Mourinho was back six years after the end of his first spell at the club and he got the perfect welcome, with early goals from Oscar and Frank Lampard ensuring the Blues made a winning start to the campaign.
With Roman Abramovich, the Chelsea owner, also marking his 10th anniversary at the west London club, there was a mood of celebration around the ground.
And while the atmosphere grew more muted as Mourinho’s side failed to build on their early dominance, there was no doubt this was a satisfactory start to the Portuguese’s second term.
Mourinho’s appearance before kick-off had prompted the expected, rousing response and the manager waved and blew kisses to the fans before taking his seat in the dug-out.
With the formalities over, focus turned to the match and Mourinho’s players soon showed that they had heeded their manager’s warning — written in the match-day programme — that “this game is not a testimonial”.
The line-up was familiar, with Kevin De Bruyne, making his Premier League debut after a season on loan at Werder Bremen, the only new face, but the Blues’ play had a freshness and urgency about it that brought early rewards.
Just five minutes had elapsed when Fernando Torres chased a through ball into the Hull area and was floored by Allan McGregor’s attempt to punch the ball clear.
The goalkeeper escaped a red card because Torres was heading away from goal and he made amends for his misjudgement by saving Lampard’s well-struck penalty.
Hull were reprieved, but McGregor’s save only delayed the inevitable.
The visitors were overwhelmed by the intensity of Chelsea’s forward play, with De Bruyne prominent alongside Eden Hazard and Oscar, operating just behind Torres.
And it was the combination of the three playmakers that brought about the opening goal in the 13th minute.
Hazard wriggled his way inside off the left flank and played the ball into De Bruyne, who cleverly stabbed the ball between the legs of centre-back James Chester to free Oscar, and the Brazilian slotted home from 10 yards.
It was a wonderfully incisive move and prompted a fist-pumping celebration from Mourinho.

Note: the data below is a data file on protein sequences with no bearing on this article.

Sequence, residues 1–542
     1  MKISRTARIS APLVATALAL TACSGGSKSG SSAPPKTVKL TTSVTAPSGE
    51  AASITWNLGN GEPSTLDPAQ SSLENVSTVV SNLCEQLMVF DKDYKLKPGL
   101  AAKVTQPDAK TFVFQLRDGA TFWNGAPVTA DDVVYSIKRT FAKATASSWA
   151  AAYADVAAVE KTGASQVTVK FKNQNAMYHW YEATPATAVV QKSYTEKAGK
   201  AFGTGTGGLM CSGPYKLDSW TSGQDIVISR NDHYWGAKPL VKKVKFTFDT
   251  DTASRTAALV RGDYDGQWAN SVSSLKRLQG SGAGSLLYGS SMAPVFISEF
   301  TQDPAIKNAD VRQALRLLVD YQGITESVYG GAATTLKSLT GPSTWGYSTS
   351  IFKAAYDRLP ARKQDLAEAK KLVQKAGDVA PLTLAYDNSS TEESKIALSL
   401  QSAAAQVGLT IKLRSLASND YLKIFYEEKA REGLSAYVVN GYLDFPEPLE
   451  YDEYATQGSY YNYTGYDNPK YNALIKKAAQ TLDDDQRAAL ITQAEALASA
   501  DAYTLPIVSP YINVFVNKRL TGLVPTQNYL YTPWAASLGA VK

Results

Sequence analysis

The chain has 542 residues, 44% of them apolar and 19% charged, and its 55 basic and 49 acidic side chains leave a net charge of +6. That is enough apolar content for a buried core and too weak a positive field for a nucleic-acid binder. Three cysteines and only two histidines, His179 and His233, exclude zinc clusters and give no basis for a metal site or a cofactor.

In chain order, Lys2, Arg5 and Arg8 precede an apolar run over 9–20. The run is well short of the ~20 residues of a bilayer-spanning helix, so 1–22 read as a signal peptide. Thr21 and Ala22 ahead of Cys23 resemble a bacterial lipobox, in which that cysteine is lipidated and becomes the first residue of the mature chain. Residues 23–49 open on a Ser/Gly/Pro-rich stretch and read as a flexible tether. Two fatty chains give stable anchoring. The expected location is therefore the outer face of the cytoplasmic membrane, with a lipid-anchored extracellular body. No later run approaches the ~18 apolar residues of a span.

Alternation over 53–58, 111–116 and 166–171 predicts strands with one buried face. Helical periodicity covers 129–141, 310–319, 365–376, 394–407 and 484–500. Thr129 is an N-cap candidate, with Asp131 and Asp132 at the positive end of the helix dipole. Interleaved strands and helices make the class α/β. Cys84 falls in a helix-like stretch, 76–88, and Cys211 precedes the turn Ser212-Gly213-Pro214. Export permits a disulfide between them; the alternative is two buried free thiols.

Lampard, playing alongside Ramires in front of the Chelsea back four but pressing on whenever the opportunity arose, drew another excellent save from McGregor, before Hazard’s back-heel almost sent Ashley Cole clear.
Hull seemed in desperate trouble and they were punished once more four minutes later when Lampard took advantage of Chester’s foul on Torres to score the second with a superb, dipping free-kick from 30 yards.
Despite dominating, the home side failed to increase their lead during the remainder of the half.
Branislav Ivanovic came closest, with McGregor clawing his header away from beneath the crossbar. Hawk-Eye replays using the new Goal-line Decision System proved the ball had not crossed the line.
The urgency appeared to seep out of the game at the start of the second half, and Mourinho displayed his frustration when centre-backs Gary Cahill and John Terry completed a triangle of passes with goalkeeper Petr Cech.
The manager clearly was not satisfied with two goals, but Hull had found a way to contain the Blues and the introduction of Tom Huddlestone and Jake Livermore — recent arrivals from Tottenham Hotspur — gave the visitors more presence in midfield.
Chelsea should have been given the chance to make the game safe when Ivanovic appeared to have been pushed by Robbie Brady, but referee Jon Moss ignored appeals for a penalty.
And the party mood at Stamford Bridge was further threatened when Cech was forced to save from Curtis Davies’ free header.
That proved a passing threat, however, and Chelsea eased their way to the final whistle without further scares.